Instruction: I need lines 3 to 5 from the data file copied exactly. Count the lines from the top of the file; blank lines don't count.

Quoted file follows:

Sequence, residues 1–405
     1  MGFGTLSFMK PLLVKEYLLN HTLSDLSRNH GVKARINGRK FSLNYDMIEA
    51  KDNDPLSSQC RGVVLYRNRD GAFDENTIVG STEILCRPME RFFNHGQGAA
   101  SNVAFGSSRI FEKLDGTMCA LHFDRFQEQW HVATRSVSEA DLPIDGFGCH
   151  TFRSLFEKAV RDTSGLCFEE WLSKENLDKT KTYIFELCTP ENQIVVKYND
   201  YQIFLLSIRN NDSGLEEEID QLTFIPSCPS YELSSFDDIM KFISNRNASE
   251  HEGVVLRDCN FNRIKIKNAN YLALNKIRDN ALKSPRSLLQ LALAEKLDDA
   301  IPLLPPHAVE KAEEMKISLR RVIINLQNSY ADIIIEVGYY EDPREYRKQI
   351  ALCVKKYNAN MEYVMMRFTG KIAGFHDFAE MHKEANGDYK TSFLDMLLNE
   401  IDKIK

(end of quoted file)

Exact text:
    51  KDNDPLSSQC RGVVLYRNRD GAFDENTIVG STEILCRPME RFFNHGQGAA
   101  SNVAFGSSRI FEKLDGTMCA LHFDRFQEQW HVATRSVSEA DLPIDGFGCH
   151  TFRSLFEKAV RDTSGLCFEE WLSKENLDKT KTYIFELCTP ENQIVVKYND